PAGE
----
Having set up that paradigm, the film draws parallels between colonialism and modern international financial structures. Again and again, speakers describe how nondemocratic entities like the World Bank or International Monetary Fund pressure developing nations into two destructive courses of action. First, a country (usually just a few decades removed from colonial subjugation and possessed of only the wobbliest infrastructure) is pushed into privatizing state assets in deals that reap huge profits for corporations like Bechtel and result in little gain for the country's government or people. (The vividly told story of Bolivia's privatized water system yields an unusually positive ending, following the popular uprising that ended that experiment.)
Second, the country is pushed into taking out massive loans to finance giant infrastructure projects (dams, in particular), after which the country's crushing debt forces it to rely on revenues gained from exporting natural resources to the First World, usually via that infrastructure it was talked into building. It's a neat little circle. If the country resists the program, the chillingly deadpan testimony of John Perkins (author of Confessions of an Economic Hit Man) describes the devastating results.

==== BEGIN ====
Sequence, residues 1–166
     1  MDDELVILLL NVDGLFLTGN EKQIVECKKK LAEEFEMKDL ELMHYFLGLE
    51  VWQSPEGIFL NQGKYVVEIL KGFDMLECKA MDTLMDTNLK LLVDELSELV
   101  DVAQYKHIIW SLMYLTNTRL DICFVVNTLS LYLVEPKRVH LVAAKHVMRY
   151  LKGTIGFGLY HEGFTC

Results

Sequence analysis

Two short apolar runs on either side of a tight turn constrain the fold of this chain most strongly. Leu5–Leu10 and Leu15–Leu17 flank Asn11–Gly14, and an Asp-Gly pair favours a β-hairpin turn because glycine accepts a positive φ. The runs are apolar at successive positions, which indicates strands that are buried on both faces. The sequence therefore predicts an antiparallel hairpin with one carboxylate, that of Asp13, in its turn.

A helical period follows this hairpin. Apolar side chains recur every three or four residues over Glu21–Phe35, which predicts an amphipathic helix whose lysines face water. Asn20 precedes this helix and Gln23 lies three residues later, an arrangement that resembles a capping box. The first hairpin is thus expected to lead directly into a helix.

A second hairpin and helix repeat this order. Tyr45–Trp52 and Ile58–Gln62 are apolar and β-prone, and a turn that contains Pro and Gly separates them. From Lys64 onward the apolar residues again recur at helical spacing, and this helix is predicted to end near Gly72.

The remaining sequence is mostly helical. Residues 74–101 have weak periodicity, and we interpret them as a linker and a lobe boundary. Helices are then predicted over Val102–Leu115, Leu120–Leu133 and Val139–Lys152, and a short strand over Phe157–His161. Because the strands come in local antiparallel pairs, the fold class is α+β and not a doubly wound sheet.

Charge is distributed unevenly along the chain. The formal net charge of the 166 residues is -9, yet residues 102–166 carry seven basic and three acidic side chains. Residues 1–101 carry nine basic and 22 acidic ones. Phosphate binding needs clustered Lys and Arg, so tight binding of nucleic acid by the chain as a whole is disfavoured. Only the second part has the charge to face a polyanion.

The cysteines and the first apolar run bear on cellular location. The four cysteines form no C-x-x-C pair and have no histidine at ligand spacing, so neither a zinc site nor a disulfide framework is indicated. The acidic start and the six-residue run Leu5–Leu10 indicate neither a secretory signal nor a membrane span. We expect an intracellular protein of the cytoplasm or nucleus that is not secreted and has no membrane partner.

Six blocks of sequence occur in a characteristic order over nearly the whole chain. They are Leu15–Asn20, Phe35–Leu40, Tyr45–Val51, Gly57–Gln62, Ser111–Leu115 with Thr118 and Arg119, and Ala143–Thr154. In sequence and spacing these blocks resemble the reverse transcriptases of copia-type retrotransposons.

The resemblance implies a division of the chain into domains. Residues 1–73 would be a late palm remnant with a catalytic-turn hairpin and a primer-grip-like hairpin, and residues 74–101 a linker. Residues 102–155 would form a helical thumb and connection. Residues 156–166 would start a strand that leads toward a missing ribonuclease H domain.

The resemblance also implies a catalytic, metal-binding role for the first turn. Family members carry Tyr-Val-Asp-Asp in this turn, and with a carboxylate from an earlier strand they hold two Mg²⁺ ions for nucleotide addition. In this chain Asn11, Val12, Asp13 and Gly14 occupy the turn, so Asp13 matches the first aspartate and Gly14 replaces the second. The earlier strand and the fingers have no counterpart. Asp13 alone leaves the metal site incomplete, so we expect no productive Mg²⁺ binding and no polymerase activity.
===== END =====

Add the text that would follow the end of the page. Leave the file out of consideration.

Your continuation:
Most of this information has been presented before, in other documentaries or in the reporting of people like Naomi Klein. What makes The End of Poverty? stand out (aside from an unusually lush soundtrack of indigenous music from the nations where Diaz filmed), is the strident line the film takes on the subject. Instead of calling for more aid or a reexamination of economic priorities, it asserts that capitalism needs to be dug up by the roots and flung into the dustbin.
The End of Poverty? delights in upending some of the polite fictions promoted by think tanks and university academics. This is highlighted when one interviewee calls the lie on the old idea that a weak nation like the Netherlands became a financial powerhouse by developing a superior economic model, and not by more efficiently (and violently) exploiting the people and resources of their subject colonies.
Diaz submits there is more blood and greed behind the south's wretched poverty than the north would like to admit. He illustrates with stories from the fields of Kenyan farmers evicted by an American corporation to the quiet offices of former World Bank chief economist and Nobel Prize-winner Joseph Stiglitz, who confirms that most all the horrible things you have heard about his former bosses are true. That Diaz is able to cobble together a convincing thesis from such disparate material, and without resorting to easy outs (no paeans to the supposedly anti-capitalist Hugo Chavez, for example), is especially impressive. Almost by definition, this is a film that paints with a brush as broad as the sky, leaving details to the interviewees' writings. But given the heartbreaking enormity of the crisis, and the precision and passion leveraged by the filmmakers, one can certainly forgive the occasional lapse into generalization.